God is Love, but that same God self-describes with “I am holy.” Yes, I agree — the witness of the Bible is that God is love, but how can we simply avoid God’s self-identifying words about holiness? And what does holiness say about some of the topics in this book? Can we simply dismiss the robust view of holiness at work in the Bible when it comes to descriptions of God? For some holiness is the defining attribute of God, for others it’s love. I don’t know why we get into such battles – both are true. God is holy and God is love, and God is lovingly holy and holy in his love. Holiness does not mean wrath; holiness means purity and moral perfection and utter differentness — the ineffability and the infinity of God. So I propose that there’s one expression in the Bible that puts these together in a way that needed more representation in this book: the God who is Jealous, the God whose zeal for his own glory is provoked when his people profane his Name and turn from him in sin. Jealousy and Love belong together and reveal the holy fiber at work in God’s love. Where is the jealousy of God in this book?

Rob says “We do ourselves great harm when we confuse the very essence of God, which is love, with the very real consequences of rejecting and resisting that love, which creates what we call hell” (177). Hell, in other words, is not part of God’s world — or connected to God. This problem isn’t this simple. The fact is that Rob believes in hell, and that means God has created a world in which hell can exist. Whether you say God made hell for sinners or whether you say humans make their own hell, you’ve got a God who is connected to hell. God made a world with consequences, and that means we are driven to connect God to the consequences, if only to say God made the possibility of such consequences. We need to ask what kind of God that is.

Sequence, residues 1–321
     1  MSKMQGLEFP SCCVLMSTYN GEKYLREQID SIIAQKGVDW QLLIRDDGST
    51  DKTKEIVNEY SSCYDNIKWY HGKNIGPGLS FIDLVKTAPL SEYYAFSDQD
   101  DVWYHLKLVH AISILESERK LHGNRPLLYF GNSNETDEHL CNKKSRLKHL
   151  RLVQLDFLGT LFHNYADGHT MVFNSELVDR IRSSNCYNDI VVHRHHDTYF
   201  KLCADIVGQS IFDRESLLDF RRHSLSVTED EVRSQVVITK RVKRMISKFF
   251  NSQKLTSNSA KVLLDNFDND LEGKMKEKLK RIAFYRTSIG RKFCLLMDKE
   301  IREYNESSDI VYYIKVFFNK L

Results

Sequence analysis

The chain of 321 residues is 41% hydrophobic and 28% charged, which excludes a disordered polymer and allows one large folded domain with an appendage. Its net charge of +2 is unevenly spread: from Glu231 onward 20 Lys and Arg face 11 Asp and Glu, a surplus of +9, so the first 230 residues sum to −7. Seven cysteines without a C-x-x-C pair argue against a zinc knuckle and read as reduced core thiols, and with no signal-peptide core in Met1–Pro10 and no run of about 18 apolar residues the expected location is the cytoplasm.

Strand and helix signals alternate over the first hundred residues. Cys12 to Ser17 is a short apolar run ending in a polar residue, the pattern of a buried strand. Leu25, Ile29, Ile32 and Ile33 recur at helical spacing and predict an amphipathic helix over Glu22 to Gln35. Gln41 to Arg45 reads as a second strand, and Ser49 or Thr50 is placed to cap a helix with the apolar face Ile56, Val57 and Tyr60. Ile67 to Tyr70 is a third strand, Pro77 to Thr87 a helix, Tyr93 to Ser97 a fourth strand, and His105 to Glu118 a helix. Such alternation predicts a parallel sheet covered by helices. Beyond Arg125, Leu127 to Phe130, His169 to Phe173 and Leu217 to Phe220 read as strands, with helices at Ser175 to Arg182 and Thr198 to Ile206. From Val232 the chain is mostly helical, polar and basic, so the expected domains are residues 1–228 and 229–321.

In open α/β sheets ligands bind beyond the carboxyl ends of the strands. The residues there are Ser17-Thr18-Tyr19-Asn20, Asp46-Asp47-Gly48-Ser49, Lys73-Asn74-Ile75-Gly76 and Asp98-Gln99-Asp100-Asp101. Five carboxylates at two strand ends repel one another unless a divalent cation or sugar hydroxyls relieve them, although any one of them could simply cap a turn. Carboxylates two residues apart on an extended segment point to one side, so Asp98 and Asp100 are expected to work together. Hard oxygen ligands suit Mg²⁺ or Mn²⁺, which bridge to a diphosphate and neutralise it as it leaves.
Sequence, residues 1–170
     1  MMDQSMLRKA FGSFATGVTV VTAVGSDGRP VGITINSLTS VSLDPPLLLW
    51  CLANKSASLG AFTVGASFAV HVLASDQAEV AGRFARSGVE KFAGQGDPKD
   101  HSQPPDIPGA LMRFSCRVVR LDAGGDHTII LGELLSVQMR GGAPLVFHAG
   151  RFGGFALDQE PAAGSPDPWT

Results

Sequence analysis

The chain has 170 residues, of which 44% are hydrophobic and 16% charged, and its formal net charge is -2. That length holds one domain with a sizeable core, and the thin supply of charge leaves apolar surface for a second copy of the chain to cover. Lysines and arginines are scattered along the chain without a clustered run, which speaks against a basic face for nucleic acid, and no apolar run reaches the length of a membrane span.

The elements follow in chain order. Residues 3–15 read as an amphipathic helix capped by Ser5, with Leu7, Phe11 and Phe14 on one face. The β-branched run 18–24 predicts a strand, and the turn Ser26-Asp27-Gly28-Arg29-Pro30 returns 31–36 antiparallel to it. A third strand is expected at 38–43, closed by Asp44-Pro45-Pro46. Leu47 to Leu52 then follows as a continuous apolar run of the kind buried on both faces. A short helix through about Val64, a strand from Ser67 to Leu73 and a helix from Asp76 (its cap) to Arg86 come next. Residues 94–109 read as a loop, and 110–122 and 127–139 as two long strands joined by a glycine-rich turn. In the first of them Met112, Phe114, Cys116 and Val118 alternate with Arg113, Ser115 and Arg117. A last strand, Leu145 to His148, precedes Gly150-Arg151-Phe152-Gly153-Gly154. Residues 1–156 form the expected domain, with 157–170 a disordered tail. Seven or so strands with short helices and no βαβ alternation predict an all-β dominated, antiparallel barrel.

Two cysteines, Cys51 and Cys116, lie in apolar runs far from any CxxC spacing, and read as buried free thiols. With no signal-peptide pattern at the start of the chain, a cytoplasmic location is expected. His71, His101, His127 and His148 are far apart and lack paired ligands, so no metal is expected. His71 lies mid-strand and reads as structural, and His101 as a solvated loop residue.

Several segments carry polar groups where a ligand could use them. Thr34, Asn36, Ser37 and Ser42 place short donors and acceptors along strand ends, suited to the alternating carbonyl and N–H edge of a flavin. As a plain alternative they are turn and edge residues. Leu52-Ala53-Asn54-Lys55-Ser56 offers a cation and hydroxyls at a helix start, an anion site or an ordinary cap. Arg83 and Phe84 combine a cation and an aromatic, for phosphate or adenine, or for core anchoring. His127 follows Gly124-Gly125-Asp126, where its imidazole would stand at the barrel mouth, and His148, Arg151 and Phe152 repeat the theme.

And I ask this to finish: Why the ridicule like this? “This is why Christians who talk the most about going to heaven while everybody else goes to hell don’t throw very good parties” (179). Those who believe love wins, and who believe God is love and who believe what we believe ought to matter ought not to ridicule others like this. The truth of the matter is that I’ve been to some mighty good parties by those hell-embracing folks and some bad parties at the homes of those don’t give a damn about hell.